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  1. Vision and Strategy 2026
  2. Planning
About City

Planning

Read about the key areas of planning for City's Vision & Strategy 2026.

Financial and Investment Plan

A key underpinning feature of the Financial and Investment Plan over the next five years is quality-constrained growth in the face of global competition for high achieving students, academic staff and research funding.

Two City students in a City buildingNevertheless, we believe we have the chance to grow student numbers and that the UK’s new place in the world will provide opportunities as well as tremendous challenges. This is important, not least because by 2020/21 City’s HEFCE funding will be less than 7% of total revenues and Vision & Strategy 2026 assumes that City will remain a publicly-funded body.

Our expectations are focused towards undergraduate growth, with more modest increases in postgraduate taught numbers. In particular, there are opportunities for growth in Cass Business School, The City Law School and the School of Arts & Social Sciences. Growth will be compatible with City’s continuing commitment to academic excellence in all aspects of its activity.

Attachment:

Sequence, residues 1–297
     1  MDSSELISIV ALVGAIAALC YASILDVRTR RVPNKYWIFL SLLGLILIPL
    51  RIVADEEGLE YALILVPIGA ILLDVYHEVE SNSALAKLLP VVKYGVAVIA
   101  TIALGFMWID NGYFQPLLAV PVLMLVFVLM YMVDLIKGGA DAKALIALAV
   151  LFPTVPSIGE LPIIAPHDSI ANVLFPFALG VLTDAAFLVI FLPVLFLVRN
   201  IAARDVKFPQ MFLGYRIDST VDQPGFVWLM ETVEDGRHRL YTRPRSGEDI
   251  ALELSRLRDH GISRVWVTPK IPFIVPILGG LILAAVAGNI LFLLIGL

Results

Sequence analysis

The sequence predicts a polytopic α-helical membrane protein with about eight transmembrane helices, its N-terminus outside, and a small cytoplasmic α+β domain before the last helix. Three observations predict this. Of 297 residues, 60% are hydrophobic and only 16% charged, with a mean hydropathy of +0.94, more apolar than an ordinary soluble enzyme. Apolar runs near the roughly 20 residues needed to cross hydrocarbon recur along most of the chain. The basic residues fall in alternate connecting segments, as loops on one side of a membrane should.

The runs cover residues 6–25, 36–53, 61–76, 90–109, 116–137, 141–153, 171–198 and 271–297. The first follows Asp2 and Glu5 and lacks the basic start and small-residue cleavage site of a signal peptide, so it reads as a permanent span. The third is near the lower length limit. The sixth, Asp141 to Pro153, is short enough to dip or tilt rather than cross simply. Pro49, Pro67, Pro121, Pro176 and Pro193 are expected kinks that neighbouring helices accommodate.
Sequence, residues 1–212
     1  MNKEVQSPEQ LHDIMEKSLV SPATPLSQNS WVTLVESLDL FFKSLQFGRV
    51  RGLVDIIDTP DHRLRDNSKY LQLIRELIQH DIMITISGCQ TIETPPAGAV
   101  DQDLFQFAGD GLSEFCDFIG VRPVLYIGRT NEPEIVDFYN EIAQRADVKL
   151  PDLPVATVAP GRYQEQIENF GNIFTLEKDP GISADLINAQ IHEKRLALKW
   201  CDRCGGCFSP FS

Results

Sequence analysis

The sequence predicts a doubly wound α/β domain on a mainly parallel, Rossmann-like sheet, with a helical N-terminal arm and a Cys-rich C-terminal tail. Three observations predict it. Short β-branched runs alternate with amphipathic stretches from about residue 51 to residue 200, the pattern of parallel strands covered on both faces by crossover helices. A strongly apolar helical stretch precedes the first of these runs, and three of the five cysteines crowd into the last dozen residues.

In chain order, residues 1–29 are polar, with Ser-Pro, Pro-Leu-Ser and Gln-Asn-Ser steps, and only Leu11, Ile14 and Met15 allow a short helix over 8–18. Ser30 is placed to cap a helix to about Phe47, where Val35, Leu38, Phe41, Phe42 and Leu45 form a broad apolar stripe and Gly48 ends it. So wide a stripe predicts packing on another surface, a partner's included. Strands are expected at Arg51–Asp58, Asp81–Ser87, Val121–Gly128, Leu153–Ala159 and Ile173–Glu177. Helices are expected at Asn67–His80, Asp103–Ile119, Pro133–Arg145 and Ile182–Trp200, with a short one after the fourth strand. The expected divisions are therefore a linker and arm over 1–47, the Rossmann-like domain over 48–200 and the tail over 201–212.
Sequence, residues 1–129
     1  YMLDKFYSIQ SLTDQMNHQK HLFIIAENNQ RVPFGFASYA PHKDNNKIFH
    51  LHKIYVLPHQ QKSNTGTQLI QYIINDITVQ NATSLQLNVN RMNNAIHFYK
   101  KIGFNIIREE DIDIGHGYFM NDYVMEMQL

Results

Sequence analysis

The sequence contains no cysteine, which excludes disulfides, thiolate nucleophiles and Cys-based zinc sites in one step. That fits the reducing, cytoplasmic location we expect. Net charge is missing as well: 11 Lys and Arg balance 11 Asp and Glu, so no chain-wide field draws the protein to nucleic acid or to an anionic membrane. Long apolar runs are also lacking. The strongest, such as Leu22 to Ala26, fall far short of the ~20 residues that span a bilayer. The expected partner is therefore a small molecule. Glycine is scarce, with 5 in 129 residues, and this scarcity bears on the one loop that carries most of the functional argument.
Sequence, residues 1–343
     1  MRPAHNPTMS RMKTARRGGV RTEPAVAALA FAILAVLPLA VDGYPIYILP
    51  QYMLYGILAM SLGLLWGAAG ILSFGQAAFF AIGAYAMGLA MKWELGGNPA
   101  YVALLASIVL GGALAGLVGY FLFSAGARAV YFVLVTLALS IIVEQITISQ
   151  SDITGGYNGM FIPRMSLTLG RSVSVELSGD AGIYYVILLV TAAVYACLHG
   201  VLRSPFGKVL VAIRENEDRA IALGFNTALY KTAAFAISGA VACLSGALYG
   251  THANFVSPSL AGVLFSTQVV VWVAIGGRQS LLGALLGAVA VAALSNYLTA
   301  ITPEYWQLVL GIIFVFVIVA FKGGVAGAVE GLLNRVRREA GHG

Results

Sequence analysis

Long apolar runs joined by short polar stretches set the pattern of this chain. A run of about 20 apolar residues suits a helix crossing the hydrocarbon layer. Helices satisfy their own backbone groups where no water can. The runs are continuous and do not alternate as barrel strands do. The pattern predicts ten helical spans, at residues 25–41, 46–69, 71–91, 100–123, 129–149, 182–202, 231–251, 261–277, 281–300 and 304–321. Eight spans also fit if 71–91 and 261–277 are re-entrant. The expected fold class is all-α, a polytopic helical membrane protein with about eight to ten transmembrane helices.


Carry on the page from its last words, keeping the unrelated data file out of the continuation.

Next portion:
In relation to financial sustainability and broader questions around the shape and nature of City within the University of London, there is also the possibility of future growth through strategic partnerships, joint ventures or a more permanent merger. Having just joined the University of London, City is confident about its future as the capital’s leading global university for business and the professions, combining world class research and educational excellence and with the University of London’s unique contribution to learning and research-led scholarship through its network of learning institutions.

Financial Sustainability